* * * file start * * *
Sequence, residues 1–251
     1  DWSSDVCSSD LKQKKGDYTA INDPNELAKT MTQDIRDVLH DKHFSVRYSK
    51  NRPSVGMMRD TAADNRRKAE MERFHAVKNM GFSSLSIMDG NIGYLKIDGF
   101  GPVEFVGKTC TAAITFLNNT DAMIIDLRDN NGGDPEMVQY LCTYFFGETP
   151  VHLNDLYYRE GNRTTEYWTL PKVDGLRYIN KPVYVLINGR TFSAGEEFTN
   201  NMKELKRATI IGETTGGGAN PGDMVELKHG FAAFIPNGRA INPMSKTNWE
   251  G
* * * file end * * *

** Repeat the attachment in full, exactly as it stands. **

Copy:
Sequence, residues 1–251
     1  DWSSDVCSSD LKQKKGDYTA INDPNELAKT MTQDIRDVLH DKHFSVRYSK
    51  NRPSVGMMRD TAADNRRKAE MERFHAVKNM GFSSLSIMDG NIGYLKIDGF
   101  GPVEFVGKTC TAAITFLNNT DAMIIDLRDN NGGDPEMVQY LCTYFFGETP
   151  VHLNDLYYRE GNRTTEYWTL PKVDGLRYIN KPVYVLINGR TFSAGEEFTN
   201  NMKELKRATI IGETTGGGAN PGDMVELKHG FAAFIPNGRA INPMSKTNWE
   251  G